U.S. bishops approve new Mass translation

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  • #1294
    Anonymous
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    #6554

    I heard about this a few days ago. I don’t really like it. It sounds so weird.

    #6556
    Anonymous
    Inactive

    We used these wordings for years at Corpus Christi.

    As the article states (poorly, as is usual with main-stream media), the new mass is much closer to the actual translation of the Latin. If you compare the old version of the English with the Latin, you have to smack your forehead in frustration trying to figure out how they arrived at certain lines.

    #6558
    Anonymous
    Inactive

    Wow, this is strange. Why do so many think that an accurate translation means that “close to the original” is the best? This is a very traditional and by now, quite outdated tradition that many newer language scholars have flushed down the toilet. My Hebrew professors always stressed that the best translation is one that communicates the meaning in the hearers language the best. “The Lord be with you” / “And with your spirit” is quite strange. For us today (English speakers in NA) the “with your spirit” is quite a bit less meaningful, no? English is not Latin and Latin is not English. Hmm, I’m not Catholic but I can see the problems already. Catholic liturgy is quite, um, strict (to us wild, spontaneous, and reckless Protestants… right?). A change in the wording, as simple as it may seem, is maybe not the best thing to do while the RC is trying to rebuild (in a sense) its identity. You guys as Catholics have gone through a lot these past 10 years. I pray this New Mass thing will help not hurt.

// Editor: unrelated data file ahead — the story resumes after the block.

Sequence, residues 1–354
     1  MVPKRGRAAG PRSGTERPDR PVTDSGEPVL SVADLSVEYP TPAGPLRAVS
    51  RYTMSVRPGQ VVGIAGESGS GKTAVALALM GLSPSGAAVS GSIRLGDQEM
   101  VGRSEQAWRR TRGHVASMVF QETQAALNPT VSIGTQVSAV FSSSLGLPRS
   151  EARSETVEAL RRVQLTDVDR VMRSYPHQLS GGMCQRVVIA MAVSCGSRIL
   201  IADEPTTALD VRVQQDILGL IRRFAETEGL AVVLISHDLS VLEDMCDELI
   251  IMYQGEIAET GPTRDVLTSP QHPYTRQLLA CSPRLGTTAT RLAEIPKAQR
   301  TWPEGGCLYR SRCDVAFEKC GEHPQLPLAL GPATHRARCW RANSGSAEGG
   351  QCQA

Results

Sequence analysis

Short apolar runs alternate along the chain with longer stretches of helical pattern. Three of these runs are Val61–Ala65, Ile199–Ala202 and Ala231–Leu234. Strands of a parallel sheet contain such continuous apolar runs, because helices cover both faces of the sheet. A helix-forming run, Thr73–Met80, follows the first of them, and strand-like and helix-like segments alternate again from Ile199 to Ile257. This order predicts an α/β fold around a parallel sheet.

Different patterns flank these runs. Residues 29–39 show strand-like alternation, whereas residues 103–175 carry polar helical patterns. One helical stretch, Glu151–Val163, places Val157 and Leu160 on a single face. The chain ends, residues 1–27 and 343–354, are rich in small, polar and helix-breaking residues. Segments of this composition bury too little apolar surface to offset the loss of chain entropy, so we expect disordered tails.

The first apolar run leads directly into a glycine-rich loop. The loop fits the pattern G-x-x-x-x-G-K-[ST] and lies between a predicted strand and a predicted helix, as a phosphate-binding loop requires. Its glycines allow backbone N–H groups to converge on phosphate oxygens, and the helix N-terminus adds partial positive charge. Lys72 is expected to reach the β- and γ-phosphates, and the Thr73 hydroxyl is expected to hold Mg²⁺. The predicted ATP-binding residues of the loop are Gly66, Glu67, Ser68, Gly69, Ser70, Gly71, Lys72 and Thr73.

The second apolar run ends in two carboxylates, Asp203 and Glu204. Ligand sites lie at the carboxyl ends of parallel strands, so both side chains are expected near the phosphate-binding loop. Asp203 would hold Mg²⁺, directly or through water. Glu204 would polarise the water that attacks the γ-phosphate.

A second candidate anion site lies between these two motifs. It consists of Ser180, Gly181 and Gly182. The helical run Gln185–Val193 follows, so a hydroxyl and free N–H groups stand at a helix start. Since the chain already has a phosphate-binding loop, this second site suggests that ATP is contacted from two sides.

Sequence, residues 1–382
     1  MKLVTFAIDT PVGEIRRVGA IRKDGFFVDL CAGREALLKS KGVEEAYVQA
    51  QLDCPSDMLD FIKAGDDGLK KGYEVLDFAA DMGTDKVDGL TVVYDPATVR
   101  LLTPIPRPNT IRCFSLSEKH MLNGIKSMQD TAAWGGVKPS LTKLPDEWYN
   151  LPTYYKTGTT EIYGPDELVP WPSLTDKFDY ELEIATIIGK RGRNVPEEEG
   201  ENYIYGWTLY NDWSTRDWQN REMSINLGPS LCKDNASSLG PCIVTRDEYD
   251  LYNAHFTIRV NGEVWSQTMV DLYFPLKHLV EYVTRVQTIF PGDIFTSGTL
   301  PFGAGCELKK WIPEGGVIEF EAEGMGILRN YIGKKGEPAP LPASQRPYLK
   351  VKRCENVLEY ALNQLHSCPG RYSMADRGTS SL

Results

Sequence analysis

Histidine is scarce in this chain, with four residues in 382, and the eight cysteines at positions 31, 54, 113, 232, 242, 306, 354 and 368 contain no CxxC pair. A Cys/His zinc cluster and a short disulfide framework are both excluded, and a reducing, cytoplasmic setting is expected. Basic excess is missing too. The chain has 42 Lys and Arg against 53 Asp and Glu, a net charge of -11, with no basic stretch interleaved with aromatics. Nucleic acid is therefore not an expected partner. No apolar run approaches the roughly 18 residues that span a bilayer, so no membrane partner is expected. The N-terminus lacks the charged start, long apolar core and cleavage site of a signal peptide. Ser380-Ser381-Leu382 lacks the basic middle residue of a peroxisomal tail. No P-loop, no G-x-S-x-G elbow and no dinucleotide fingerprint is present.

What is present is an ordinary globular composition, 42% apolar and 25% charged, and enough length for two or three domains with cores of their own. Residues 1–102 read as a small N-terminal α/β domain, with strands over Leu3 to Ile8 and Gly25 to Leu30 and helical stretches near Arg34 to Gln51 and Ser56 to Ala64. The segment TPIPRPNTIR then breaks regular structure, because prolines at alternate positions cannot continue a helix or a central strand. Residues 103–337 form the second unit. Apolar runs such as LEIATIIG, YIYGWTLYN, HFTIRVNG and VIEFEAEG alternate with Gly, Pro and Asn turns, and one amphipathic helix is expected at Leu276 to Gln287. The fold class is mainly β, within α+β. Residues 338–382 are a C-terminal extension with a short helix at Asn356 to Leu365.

#6559
    Anonymous
    Inactive

    Some 40-50 years ago, every Roman Catholic celebrated the mass in Latin. We heard the Latin, learned the Latin, and spoke the Latin.

    When the first English translation was approved, it was much too different from the Latin. It even moved further from its Scriptural source (e.g. the third Eucharistic prayer and Malachi 1:11; the fourth Eucharistic prayer and the Gospel accounts of the Last Supper).